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Statement on Sensationalist Animal “Training” on Television

Television networks and streaming entertainment outlets continue to produce sensationalist animal training shows that are not true representations of the unhurried and careful approach that good animal training mandates. These shows feature largely self-taught individuals with no demonstrable knowledge or skill in the art and science of animal training and who employ outdated methods and dangerous concepts, including excessive punishment, dominance-based methods, behavioral flooding, and setting up the animal to engage in an undesired behavior in order to “teach them a lesson.” These types of shows highlight approaches that cause significant harm to our animal companions and the human-animal bond. Forcing an animal to encounter something it fears without escape, or behavioral flooding, is cruel and inhumane. Physically punishing an animal and using tools like shock collars, scat mats, prong collars, collar corrections, spray bottles, or physical hitting is not acceptable because of the pain and discomfort it causes and the potential for making behavioral problems worse. This puts the animals at higher risk for surrender to shelters. Film crews highlight the temporary suppression of behavioral responses which create the illusion that the animal is “rehabilitated” or “calm and submissive.” The reality is that after they turn off the cameras, the fear, anxiety, or aggression will often resurface and may be increased.

We know a better way. Peer-reviewed literature continues to demonstrate that the use of positive reinforcement is the most humane and effective approach (see a short list of references below). Knowledgeable trainers, who do not set animals up to fail, identify an appropriate alternative behavior, train the behavior using positive reinforcement, and then teach the animal to offer that wanted behavior instead of the unwanted behavior. Skilled trainers do not force an animal to “face its fears.” Skilled trainers know how to employ humane techniques, such as systematic desensitization and/or counterconditioning to gradually help an animal feel more comfortable with things they fear without evoking that fear response. Networks may not find it engaging, yet it is solid and beneficial training, and it is effective.

We are not alone in this position. Leading animal training, animal welfare, and veterinary organizations promote the use of positive reinforcement-based training. Animals are successfully trained for general companionship, but also for police, military, and service work using positive reinforcement. In fact, the use of positive reinforcement has been shown to improve working dog performance. Respected national and international animal training certifying bodies require certificants and members to adhere to the Least Intrusive, Minimally Aversive (LIMA) ethical standard, which states, “LIMA does not justify the use of punishment in lieu of other effective interventions and strategies. LIMA requires trainers and consultants to work to increase the use of positive reinforcement and eliminate the use of punishment.” (IAABC, 2020). LIMA-based trainers are not only skilled, but educated as they are required to continue the study of the art and science of animal behavior in order to maintain certifications.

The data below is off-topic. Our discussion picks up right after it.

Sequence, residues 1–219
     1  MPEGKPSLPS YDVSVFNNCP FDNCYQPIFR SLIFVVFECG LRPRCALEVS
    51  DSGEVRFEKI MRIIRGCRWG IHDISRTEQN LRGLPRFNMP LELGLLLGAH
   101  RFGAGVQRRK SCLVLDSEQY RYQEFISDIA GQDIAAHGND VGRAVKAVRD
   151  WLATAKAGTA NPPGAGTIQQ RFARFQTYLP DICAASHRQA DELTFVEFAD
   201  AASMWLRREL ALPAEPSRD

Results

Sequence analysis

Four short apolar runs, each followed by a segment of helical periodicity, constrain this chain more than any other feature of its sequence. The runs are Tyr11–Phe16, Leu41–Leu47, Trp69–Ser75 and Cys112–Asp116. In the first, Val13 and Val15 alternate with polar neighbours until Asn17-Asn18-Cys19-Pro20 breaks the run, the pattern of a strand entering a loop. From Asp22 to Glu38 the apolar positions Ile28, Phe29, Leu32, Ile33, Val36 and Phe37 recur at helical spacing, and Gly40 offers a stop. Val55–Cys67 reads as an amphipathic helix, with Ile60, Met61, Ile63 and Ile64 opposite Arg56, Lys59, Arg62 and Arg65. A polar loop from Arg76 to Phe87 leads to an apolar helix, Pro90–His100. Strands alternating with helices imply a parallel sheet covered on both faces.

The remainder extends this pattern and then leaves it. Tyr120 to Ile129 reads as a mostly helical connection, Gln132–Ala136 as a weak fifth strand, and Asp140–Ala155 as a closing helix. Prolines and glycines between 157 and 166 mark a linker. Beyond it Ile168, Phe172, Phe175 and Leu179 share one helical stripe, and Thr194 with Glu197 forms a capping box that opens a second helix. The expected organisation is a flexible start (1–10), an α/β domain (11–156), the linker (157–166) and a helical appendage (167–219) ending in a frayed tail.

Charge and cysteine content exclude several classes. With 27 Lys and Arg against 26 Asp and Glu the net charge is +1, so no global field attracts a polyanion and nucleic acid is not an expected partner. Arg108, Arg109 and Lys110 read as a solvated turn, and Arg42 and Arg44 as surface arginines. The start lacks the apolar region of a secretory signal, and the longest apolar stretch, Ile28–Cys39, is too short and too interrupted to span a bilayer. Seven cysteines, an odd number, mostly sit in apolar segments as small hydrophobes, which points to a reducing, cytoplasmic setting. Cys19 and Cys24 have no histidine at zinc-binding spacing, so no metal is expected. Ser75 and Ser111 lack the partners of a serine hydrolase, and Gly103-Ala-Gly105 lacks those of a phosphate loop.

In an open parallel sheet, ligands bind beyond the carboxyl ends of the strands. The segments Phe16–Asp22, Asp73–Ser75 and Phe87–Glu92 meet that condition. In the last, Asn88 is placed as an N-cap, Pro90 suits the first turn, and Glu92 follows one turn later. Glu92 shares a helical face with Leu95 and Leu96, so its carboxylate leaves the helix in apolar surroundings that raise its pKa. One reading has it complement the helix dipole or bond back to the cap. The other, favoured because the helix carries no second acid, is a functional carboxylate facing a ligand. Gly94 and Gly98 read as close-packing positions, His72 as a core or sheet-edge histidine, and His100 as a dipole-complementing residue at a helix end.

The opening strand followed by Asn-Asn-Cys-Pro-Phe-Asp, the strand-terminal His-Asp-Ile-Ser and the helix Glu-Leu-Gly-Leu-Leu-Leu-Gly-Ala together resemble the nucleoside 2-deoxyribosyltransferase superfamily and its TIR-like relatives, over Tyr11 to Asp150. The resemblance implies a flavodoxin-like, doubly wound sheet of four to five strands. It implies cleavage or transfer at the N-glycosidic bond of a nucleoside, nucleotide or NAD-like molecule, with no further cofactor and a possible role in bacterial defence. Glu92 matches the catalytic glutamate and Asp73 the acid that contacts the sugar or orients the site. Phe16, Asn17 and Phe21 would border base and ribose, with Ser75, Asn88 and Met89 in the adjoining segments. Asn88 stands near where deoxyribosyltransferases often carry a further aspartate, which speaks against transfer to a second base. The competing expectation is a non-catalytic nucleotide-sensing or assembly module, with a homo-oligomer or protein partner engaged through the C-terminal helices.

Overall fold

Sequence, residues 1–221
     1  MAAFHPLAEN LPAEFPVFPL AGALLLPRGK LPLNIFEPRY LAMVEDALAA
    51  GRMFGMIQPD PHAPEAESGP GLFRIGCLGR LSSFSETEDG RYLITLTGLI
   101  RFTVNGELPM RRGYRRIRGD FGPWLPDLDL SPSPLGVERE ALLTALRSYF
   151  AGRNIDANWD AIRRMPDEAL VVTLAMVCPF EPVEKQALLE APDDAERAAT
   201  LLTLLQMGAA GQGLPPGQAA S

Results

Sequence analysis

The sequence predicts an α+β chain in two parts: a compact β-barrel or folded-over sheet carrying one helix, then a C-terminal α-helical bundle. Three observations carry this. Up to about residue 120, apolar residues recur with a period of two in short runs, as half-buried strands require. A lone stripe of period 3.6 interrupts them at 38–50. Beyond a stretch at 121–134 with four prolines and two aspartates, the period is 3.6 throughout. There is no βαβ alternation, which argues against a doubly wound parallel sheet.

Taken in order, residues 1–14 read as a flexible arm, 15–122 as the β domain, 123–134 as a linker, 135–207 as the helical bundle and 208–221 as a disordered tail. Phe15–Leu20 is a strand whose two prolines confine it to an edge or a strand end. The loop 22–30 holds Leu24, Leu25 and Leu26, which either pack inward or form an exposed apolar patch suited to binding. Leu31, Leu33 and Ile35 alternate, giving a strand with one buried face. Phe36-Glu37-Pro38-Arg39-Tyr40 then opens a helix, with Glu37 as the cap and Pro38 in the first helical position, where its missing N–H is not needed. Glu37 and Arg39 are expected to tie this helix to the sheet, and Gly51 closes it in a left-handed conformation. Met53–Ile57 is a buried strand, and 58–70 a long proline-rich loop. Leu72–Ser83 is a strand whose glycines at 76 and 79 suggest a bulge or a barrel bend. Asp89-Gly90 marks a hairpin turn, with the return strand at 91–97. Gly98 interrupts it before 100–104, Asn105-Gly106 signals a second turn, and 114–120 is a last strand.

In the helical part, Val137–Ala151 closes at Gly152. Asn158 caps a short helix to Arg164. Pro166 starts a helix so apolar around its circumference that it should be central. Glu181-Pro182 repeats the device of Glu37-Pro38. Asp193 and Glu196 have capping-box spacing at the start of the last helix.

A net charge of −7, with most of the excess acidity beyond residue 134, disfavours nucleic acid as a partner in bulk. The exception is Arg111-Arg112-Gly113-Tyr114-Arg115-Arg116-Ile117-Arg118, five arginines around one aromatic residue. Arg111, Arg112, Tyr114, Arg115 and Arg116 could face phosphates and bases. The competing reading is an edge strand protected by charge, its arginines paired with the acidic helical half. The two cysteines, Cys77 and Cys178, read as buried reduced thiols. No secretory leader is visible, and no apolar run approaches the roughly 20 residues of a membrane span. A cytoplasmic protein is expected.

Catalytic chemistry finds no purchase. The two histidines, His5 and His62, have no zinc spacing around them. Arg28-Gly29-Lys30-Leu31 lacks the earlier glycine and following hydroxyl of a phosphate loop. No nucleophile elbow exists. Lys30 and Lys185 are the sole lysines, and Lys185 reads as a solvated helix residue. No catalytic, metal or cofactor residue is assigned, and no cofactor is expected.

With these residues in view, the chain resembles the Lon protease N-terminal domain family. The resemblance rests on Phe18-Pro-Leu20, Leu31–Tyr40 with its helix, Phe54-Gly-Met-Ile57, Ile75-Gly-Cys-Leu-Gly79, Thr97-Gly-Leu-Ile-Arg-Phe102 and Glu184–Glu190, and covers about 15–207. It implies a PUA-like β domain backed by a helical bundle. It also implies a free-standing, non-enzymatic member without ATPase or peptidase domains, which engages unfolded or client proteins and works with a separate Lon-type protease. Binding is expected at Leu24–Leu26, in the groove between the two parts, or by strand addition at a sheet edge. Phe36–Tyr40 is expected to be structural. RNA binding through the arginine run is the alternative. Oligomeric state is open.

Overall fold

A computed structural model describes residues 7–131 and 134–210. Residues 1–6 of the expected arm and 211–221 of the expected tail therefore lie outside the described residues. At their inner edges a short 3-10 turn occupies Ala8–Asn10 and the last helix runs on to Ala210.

What can show producers do instead? There are several shows that demonstrate positive reinforcement to solve animal behavior problems: Victoria Stillwell’s It’s Me or the Dog, Jackson Galaxy’s My Cat from Hell, Nightmare Pets SOS on BBC with Chirag Patel and Cats and Dogs at War with Chirag Patel are excellent examples.  All of these show the use of positive reinforcement to solve behavior problems without the fallout and dangers of using outdated methods. There are also YouTube channels on which to model content, including KikoPup with Emily Larlham, who is the world record holder for the most dog tricks performed in one minute.  We have curated a list of on-line resources here.

We invite television and streaming outlet producers to consider the significant and negative impact of prioritizing entertainment over animal welfare on animals across the globe.

Consumers can find valuable information about positive reinforcement training on our resources page, humanedogtrainingadvocates.org.  Find a positive reinforcement trainer near you by visiting any of the following websites: the Association of Professional Dog Trainers website: apdt.com; on the International Association of Animal Behavior Consultants website: iaabc.org; on the Certification Council for Pet Dog Trainers website: CCPDT.org; the Karen Pryor Academy for Animal Training website: clickertraining.com; Victoria Stillwell’s Academy for Dog Training and Behavior’s website: vsdogtrainingacademy.com; and The Academy for Dog Trainers’ website: academyfordogtrainers.com.